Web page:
It's kind of like how you can't say "be sure to pronounce English correctly." There is no One Correct Pronunciation, despite what the BBC tries to tell us (in one particular British accent).
After this transcription of the ritual (which, to be absolutely clear, is presented in what seems to be a self-parody of other lifehacker how-to guides), the article goes into some interesting history, which is the actual reason I'm linking this.
Rituals to summon supernatural entities or forces have been (and are) practiced in lots of spiritual traditions, from Shintoism to Santeria. Different rites have different meanings and implications in different traditions, so know that I’m only talking about the Western idea of calling explicitly evil entities into the material plane. Like you see in horror movies.
One thing about the long-running show Supernatural that stuck with me was that the showrunners there actually did their research.
Summoning a demon to do your bidding is central to the Testament of Solomon, a text falsely credited to King Solomon that was written somewhere between the end of the 1st century CE and the high medieval period. In it, an angel gives Solomon a ring inscribed with a pentagram.
This is one of the reasons why the pentagram gets a bad reputation. It shouldn't, really. It's a symbol of unity and harmony and balance, and also has some really cool mathematical properties that I won't go into right now, much to your relief.
(Right now everyone who thinks math is evil is nodding vigorously and itching to make a comment about it.)
Even the whole "inverted" thing is made-up.
Of course, everything we do is made-up, but that part's really made-up.
The Key of Solomon, for instance, does contain spells (like “How to make the holy garters”) but they only work for the most pure, virtuous, pious man.
I know "garters" is a word whose meaning has shifted over time, but this is still amusing.
The idea of summoning demon-y demons for your own gain, as an act of evil, catches on widely with the publication of Malleus Maleficarum (“Hammer of Witches”) in 1478.
This is an important point. Even if we take at face value the idea that one can summon a demon (there are metaphorical interpretations, but, like the author, I'm using the phrase literally), which we don't, this is kind of like some of the things we see even today on the internet.
For example, maybe some kids have started doing something stupid they saw on DikDok or whatever. This is nothing new in society; kids are always doing stupid shit, which is partly how natural selection still works on humanity. But us olds would have never heard about it if someone hadn't hit the Moral Panic Button and started going, "Look at what these idiot kids are doing." This just spreads the ideas more widely, and even some adults who somehow managed to survive childhood with most of their fingers and eyes go, "Hey, that looks like fun. Hold my beer."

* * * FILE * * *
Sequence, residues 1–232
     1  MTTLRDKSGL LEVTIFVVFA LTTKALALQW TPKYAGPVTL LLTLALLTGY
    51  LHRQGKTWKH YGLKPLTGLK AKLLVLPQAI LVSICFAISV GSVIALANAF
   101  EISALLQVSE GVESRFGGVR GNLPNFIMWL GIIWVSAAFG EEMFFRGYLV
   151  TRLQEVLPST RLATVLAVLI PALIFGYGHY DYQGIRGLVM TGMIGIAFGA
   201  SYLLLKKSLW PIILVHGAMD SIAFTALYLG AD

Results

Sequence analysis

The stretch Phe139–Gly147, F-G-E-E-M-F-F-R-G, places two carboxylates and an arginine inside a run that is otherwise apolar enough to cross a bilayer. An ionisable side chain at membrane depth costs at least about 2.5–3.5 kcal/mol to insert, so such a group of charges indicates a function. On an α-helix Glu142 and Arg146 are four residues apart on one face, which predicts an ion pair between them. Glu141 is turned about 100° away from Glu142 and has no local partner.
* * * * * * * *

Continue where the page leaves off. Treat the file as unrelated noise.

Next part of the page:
That publication caused WAY more evil in the world than the supposed evils it was railing against.
Fake or not, a lot people died for real because of Hammer of Witches. As many as 80,000 people, mostly women, were tortured and murdered during the witch trials that were heavily influenced by Kramer’s book. So if any tome is cursed…
There are none so evil as those who proclaim themselves to be righteous.
No, that's not a quote; that's an original Waltzism.
No, I don't claim to be righteous.
The article goes on to point out that while the idea of summoning demons is "fake" (again, I call it metaphorical), there exists true evil in the world, and usually, that evil is the group that is conjuring up the moral panic in the first place.
After all, if you really want to summon a demon, all you have to do is go on the internet and say things like:
"We should institute socialized medicine."
"Cannabis should be universally legal."
"Living wage for all."
"Musk is an ass."
"Chicago pizza isn't pizza."
The metaphor I keep referring to in this post is that demon-summoning is actually about confronting the darker aspects of one's own nature (and we all have darker aspects). But there are people in the world who deliberately do evil, though they insist they're doing good.
At least if literal demon-summoning were real, you'd end up with an entity that knows it's evil. That, you can work with. It's a lot harder to banish those who are certain they're righteous.
"Andre The Blog Monkey's Banana Bar" [18+]
So on Wednesday, you told Andre about great places to visit where you live. Now he'd like to know about the people who live or have lived where you do.
Sundays's prompt; Tell us about a famous person or persons who lives or came from your Home Sweet Home
When I was at college, the dorms were arranged with several dorm rooms around a common area. Someone had done a country-looking cross stitch as a throw pillow: "Suite sweet suite."
That always pops back in my mind whenever I see "home sweet home."
Anyway. I've talked enough about Jefferson, and I mentioned Dave Matthews last time. I've also noted before that Poe spent some time here. Then there was the one lady who claimed to be the last Romanov...